A classic? Very nice words to read indeed. .As for your question. The MC is a woman who is succumbing to Alzheimer’s. She’s speaking to her dead husband’s picture and trying to hold onto shreds of her mind. By the end of the story she thinks he’s still alive. Hope that clarifies things for you.




  • Dear Rochelle,

    I’ve already told my family that if I lose my mind or body to ill health that they should let me die. I wasn’t nice about it either. I told them to take me out behind the garage and shoot me. While I don’t believe in going gently into that good night. I do believe in going out in a blaze of glory before I start peeing in plants.

    Your stories, though short always speak volumes to me. I hope that someday, my FF will do the same for my readers. Thank you for letting me into your world my dear.

    Love, Renee


    • Dear Renee,

      Like you, I want to go with my mental faculties in tact. Both of my parents did but they died relatively young of the diseases they created for themselves.

      Keep writing, my dear. Someday is now. Always a pleasure to have you in my world.




  • Your stories are like concentrated drops of fiction. I feel like if I were to add water they would become entire novels. This is such a sad story — getting one’s mind and body to wear out equally is just a matter of chance, I suppose.


    • Dear E. E.,

      I’ve heard it said that the only thing constant is change. My parents both passed while relatively young and still had their minds intact. However I’ve watched several friends take on the role of caretaker. My heart goes out to them.

      Glad you liked my story.




    • Dear Janet,

      I appreciate your concession. I just can’t write “Village of the Happy People” unless moved to do so. It’s just what I saw when I first saw the fleeting bus photo. The story wouldn’t let go.

      Thanks for commenting.




  • As always Rochelle, you’re right on target with your message. I somehow cannot envision you encountering this problem. Ever! Yet, this is a view of potential tomorrow’s
    that one can’t avoid contemplating! Very well written. Penny xx


  • bittersweet is the perfect way to describe it. the line “Can no longer understand the books I wrote” had such a strong effect on me! It just made everything sadder… still, it’s a beautiful thing to have such a caring son. another brilliant story from you. 🙂


  • Finally, I’m back with a computer that works! May I kindly ask what kind of vehicle is in the pic? It’s obviously English, that’s about all I can get. At first, I thought it was an ice cream truck. While I wait, I’m off to write… back soon with linky! 🙂


  • Altzheimers is a dreadful disease. Worse (in the later stages) for those around the sufferer, but before the night closes one down, there will be the terror of knowing that one has it and of being conscious of its progress, experiencing the loss.


  • When you reach a certain age, your knees start to snap, crackle and pop when taking the stairs. That’s when you know it’s all downhill after that. I’m getting some sort of arthritic twinge happening in my left thumb and finger. I refuse to let it get in the way of my typing (I’m a touch typist) or writing by hand, And I’m crocheting granny squares for a baby blanket. It may happen, Rochelle, or it may not. Let the future take care of itself. Such a good piece.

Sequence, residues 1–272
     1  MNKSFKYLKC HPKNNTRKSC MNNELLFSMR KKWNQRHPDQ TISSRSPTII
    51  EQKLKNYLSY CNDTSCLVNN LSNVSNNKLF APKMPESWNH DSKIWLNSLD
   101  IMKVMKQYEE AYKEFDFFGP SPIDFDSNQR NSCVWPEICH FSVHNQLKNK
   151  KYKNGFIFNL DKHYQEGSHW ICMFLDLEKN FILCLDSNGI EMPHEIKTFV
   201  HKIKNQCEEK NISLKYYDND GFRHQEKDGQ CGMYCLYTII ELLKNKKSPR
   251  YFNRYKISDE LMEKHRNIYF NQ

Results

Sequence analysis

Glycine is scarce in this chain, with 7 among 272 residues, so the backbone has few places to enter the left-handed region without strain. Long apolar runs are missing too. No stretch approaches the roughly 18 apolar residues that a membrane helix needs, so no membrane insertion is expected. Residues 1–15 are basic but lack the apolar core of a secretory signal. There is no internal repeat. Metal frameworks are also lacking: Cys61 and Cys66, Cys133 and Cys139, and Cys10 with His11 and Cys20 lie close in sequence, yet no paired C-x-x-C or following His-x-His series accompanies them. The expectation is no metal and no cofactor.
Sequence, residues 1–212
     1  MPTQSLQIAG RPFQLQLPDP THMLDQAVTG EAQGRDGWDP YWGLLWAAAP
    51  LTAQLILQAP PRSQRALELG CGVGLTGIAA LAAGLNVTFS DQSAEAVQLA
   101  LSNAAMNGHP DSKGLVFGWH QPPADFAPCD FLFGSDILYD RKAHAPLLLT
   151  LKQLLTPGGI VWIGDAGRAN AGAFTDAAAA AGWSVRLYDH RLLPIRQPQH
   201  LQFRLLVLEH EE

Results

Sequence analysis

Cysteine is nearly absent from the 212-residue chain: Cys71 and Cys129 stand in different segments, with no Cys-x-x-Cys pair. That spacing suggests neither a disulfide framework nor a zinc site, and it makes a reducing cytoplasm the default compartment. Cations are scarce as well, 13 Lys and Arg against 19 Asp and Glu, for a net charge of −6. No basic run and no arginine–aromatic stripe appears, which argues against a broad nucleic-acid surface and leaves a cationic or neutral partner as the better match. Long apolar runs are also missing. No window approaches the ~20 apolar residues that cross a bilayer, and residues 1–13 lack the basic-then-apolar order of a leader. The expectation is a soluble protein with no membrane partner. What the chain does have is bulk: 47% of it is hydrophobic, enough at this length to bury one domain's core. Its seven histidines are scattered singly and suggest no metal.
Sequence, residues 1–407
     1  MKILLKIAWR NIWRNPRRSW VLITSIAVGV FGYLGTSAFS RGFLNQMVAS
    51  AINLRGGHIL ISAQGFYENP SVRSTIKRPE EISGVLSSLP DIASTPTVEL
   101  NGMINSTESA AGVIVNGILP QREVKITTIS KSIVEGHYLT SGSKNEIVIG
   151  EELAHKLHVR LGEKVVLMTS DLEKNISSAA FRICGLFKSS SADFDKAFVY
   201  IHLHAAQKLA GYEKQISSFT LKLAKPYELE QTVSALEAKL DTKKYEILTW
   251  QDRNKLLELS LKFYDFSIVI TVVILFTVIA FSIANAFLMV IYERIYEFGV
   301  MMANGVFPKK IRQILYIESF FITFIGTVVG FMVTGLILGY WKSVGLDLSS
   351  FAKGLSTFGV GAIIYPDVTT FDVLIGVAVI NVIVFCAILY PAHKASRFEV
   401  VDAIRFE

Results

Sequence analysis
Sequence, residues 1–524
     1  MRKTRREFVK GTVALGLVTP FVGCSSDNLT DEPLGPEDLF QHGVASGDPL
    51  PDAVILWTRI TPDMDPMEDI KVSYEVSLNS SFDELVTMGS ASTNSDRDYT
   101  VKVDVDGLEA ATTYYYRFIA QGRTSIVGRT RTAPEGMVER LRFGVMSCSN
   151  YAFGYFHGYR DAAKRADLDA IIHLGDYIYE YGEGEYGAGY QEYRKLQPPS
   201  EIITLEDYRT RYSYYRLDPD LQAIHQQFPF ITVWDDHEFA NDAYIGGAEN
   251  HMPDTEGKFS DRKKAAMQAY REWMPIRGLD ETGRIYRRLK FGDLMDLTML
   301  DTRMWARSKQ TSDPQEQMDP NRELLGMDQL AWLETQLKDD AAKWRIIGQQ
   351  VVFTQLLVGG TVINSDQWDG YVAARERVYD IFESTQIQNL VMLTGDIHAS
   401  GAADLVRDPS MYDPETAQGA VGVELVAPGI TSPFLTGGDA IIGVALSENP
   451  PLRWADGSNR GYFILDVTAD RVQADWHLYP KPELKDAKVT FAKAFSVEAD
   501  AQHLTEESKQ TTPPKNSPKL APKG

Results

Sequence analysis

• Very nice. Aging ain’t for sissys! I loved all the stories this week but can’t add mine. The new linkzin thing won’t work for me. I can’t get the code added to make the little blue guy. It may be me, or my computer. I can’t open the download for the new program for install. I didn’t want you to think I just bailed.


    • Dear Ms. T,

      I apologize for the change in the Linkz tool. Of course it’s beyond my control and I’ve had to relearn it myself. That’s “progress”‘ for you. Let me know if I can help.

      Glad you like my story.




  • Hi Rochelle I ‘m so late. It was my first attempt at it so I was very nervous. Still posting my link , please have a look -http://amaltaas.wordpress.com/2013/06/28/friday-fictioneers/. Feel free to say anything to improve my writing.


  • Loved your story Rochelle. Honestly I can’t bear to think about memories slipping out of one’s consciousness. Beautiful.
    I’ve written a story for this Friday 28.06.2013 but I see that the link is closed.


    • Dear Norton,

      Guess that persona does fit you better. Dementia is a disease that seems to have touched all of us in one way or another. sorry about your dad. That must’ve been difficult for you.

      Say hi to Trixie from me.




    • Dear Shirley,

      To me this story is more frightening than all the zombie and vampire stories put together. This monster is voracious and strikes without bullets.

      Thank you for swinging by and commenting.




  • Dear Rochelle
    I think you have captured the slow onset of dementia so well with this. Being lost in time and space is a terrible thing to contemplate when you have all your faculties
    Well done